12/31/69

Offer 1. No discussion.

Moving to a more elite company in the same role is much easier than transitioning to a more elite position even to a less-elite company.

 
 
12/31/69

Role > Brand most of the time. Sure, BCG might tempt you with "do this role for 2 years, and we may have a spot in the role you really want but 2 years is some time that you could be gaining some valuable experience. I would possibly go with the smaller firm if your role is more important. Otherwise, if brand is more important I would go with BCG. This also depends on your long term goals? Do you want to go to business school? Become a partner at M/B/B? What's the long term plan?

"Even if you're on the right track, you'll get run over if you just sit there" - Will Rogers

 
12/31/69

Long term I would want to do an MBA in the next 3-5 years and after that get into one of the leading firms to work up to partner. I think I know that it's better to take the smaller firm due to how rare it is for the big firms to allow research to consultancy internal movements (having spoken to one of the researchers today, you would have to move to knowledge analyst first).

 
 
12/31/69

I agree with your girlfriend.

 
12/31/69

I guess I'm just depressed that all I can find are lateral opportunities. Feeling a little desperate :(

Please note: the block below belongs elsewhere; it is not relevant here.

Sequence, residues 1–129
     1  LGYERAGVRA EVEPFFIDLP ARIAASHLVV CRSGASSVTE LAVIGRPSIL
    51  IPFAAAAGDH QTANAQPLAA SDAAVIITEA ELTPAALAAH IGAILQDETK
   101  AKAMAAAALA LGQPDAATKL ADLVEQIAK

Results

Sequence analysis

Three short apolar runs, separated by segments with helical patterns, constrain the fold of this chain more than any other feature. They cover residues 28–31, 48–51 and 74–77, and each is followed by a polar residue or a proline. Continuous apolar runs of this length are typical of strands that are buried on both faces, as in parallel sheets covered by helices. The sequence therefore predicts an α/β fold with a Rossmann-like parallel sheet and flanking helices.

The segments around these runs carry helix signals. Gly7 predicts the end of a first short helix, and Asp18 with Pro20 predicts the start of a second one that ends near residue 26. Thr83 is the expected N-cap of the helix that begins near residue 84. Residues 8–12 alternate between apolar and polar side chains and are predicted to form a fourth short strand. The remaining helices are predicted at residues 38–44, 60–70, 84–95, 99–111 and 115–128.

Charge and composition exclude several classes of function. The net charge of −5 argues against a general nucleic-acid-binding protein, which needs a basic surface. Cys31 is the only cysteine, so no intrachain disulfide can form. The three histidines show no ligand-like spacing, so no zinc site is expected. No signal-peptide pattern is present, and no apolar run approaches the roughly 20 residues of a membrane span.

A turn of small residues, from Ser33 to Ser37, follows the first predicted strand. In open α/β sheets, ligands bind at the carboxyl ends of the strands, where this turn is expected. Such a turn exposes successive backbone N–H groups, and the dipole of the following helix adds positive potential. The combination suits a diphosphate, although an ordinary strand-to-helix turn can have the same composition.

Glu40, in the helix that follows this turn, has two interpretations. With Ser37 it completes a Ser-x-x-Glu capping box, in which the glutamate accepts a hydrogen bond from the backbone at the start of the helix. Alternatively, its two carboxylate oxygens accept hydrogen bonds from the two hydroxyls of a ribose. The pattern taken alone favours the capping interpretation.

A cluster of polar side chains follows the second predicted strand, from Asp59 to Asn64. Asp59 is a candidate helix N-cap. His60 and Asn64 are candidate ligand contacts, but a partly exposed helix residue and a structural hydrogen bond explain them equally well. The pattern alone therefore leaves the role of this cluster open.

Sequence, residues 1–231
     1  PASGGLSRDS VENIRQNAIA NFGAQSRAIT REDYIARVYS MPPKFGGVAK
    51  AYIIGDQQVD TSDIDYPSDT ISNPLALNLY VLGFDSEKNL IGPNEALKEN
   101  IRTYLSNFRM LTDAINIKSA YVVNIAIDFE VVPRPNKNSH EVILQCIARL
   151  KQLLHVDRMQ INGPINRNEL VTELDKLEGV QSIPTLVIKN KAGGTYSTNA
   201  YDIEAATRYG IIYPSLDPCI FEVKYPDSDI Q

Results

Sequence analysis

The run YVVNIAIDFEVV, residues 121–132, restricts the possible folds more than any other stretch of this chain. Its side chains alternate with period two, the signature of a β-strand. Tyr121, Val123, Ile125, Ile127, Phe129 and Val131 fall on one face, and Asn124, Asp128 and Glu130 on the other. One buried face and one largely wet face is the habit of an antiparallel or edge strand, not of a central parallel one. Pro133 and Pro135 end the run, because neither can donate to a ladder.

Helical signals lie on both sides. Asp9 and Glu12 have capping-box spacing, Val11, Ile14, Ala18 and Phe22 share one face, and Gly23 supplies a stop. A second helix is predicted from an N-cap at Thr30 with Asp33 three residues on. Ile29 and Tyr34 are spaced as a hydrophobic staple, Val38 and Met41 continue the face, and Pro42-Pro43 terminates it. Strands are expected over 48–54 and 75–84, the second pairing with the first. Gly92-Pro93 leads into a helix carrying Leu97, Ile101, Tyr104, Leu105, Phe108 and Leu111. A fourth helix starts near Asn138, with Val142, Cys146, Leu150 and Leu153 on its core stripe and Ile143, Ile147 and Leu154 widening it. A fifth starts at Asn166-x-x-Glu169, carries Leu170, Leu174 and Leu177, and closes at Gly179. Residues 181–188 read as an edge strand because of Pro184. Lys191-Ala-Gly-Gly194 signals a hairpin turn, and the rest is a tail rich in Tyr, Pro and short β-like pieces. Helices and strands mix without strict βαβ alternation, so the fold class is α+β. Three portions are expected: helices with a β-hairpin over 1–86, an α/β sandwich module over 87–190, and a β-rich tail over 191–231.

12/31/69

Definitely not. From what I've been told by HHs most hiring occurs at the start of the new year (especially so this year considering the fiscal shit, election, etc)...stick it out man.

 
12/31/69

not unless you wanted to be looked down and be treated like a second class citizen

if you are not in a desperate position, I'd continue waiting for the right opp as they will pop up

Born in hell, forged from suffering, hardened by pain.

 
12/31/69

i was once offered some MO job at Och-Ziff, needless to say i did not accept.

"After you work on Wall Street it's a choice, would you rather work at McDonalds or on the sell-side? I would choose McDonalds over the sell-side." - David Tepper

 
12/31/69
 
12/31/69
Whiskey5:

Are you at a boutique?

Wells DCM/Lev Fin, if memory serves.

"After you work on Wall Street it's a choice, would you rather work at McDonalds or on the sell-side? I would choose McDonalds over the sell-side." - David Tepper